Radio Silence

Do you ever feel like you’re constantly being bombarded by information and you find it difficult to relax and hear your own voice amidst all the noise?


Today’s human world is full of fantastic ways to entertain and distract ourselves, no matter where we are or what we’re doing – streaming TV, podcasts, audiobooks, online music, social media videos, game apps. If you’re anything like my human, Annie, it might be rare for you to spend any time without something playing on your headphones.


Recently, Annie did an online course about mindset and creativity (from Charlie at Urban Writers’ Retreat), and one of the exercises she told me about sounded like an interesting experiment I wanted to share with my readers.


It’s called: Radio Silence.


The recommendation is that you spend some time (ideally a whole day, but an hour or two is fine) without any external input – TV, music, the internet, email, text messages, your phone, or any other type of audio or video.


Annie tried it by going out for a 90-minute walk, only using her phone a few times to check her location on the map. Usually, the first thing she does when leaving the flat (or cooking or doing the laundry or knitting or any number of other activities) is to pop in her headphones and set something playing.


She told me afterwards that the experience was a very interesting one. For the first third of the walk, she said she felt an overwhelming urge to keep checking her phone for messages and even resorted to talking out loud to herself in the street to distract herself from the silence! By the middle of the walk, she’d relaxed into it a bit more, though she was admittedly distracted by being on a rather busy road with no pavements. Towards the end, there were hills to climb and she felt as if they were harder without any entertainment in her ears to take her mind off the exertion. However, she also felt as if she was noticing her surroundings more and being more in the moment.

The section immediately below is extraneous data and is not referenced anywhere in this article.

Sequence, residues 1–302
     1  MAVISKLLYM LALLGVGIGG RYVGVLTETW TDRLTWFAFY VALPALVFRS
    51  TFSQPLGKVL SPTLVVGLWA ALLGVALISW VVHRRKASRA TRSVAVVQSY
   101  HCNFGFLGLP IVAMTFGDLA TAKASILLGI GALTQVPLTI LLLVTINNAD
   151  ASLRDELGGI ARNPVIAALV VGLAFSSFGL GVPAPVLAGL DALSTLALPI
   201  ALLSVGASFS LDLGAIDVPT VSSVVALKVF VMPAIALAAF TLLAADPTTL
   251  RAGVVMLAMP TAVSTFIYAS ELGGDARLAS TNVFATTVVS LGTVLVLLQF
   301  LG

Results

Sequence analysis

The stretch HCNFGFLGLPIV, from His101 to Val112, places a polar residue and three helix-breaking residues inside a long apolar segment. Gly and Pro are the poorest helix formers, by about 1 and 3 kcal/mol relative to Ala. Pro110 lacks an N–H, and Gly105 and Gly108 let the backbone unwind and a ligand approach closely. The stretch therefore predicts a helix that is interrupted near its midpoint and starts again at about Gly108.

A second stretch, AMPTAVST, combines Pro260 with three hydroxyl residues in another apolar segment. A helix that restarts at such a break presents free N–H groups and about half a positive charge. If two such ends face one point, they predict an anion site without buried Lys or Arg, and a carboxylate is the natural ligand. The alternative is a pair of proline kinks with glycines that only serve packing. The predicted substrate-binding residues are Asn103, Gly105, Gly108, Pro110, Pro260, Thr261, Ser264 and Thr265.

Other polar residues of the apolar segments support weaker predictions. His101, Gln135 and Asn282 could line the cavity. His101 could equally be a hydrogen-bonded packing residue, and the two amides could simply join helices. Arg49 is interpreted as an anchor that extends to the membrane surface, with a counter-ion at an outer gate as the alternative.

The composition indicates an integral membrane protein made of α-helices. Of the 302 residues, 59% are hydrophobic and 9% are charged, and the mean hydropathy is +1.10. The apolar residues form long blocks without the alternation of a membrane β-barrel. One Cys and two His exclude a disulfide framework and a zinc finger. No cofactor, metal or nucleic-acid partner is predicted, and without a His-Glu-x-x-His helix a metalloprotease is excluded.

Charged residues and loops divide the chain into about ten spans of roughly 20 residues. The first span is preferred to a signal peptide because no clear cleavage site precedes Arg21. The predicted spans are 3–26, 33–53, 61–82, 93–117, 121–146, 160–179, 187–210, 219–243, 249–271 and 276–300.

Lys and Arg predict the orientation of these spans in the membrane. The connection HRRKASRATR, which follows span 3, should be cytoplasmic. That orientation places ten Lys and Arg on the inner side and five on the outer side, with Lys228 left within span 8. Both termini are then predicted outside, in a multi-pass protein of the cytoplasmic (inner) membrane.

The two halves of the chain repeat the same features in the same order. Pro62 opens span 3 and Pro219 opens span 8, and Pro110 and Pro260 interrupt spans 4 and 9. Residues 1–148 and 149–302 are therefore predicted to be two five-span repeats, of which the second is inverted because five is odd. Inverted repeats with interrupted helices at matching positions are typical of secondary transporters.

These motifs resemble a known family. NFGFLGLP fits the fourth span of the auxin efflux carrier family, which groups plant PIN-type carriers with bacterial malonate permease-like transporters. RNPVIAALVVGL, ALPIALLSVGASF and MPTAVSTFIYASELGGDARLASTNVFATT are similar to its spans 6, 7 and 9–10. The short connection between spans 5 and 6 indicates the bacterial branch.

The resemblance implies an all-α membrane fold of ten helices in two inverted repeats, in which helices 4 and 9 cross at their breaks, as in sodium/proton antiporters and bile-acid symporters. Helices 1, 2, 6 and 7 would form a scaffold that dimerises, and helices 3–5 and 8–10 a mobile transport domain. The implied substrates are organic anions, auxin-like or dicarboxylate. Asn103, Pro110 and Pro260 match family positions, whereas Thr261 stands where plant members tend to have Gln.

When she left the retreat location to go on the walk, she was feeling overwhelmed and as if her brain was very full – but afterwards, she said she felt much more relaxed and calm.


The next day, some minor technical difficulties and negotiations with a difficult client meant Annie was really irritated when she set out for her daily walk. She put a fun podcast on and was successfully distracted from her annoyance while out. But, when she got back to the house and switched the podcast off, all those feelings of irritation came flooding back, just as strong as before.


It seems to me as if taking time out from external information overload might well be of benefit! It’s possible your mind needs time to process emotions and thoughts without having to deal with distracting media. And it’s definitely true that you’re more likely to pay attention to your surroundings and see things you wouldn’t otherwise, if you’re putting effort into being in the moment.


So, next time you’re about to put your headphones in to entertain yourself on a walk or distract yourself from a tedious activity, why not try some radio silence and really pay attention to what you’re doing instead?


Let me know how you get on and what experiences you have with trying this exercise, or if there’s anything in your life you’d like my thoughts on!


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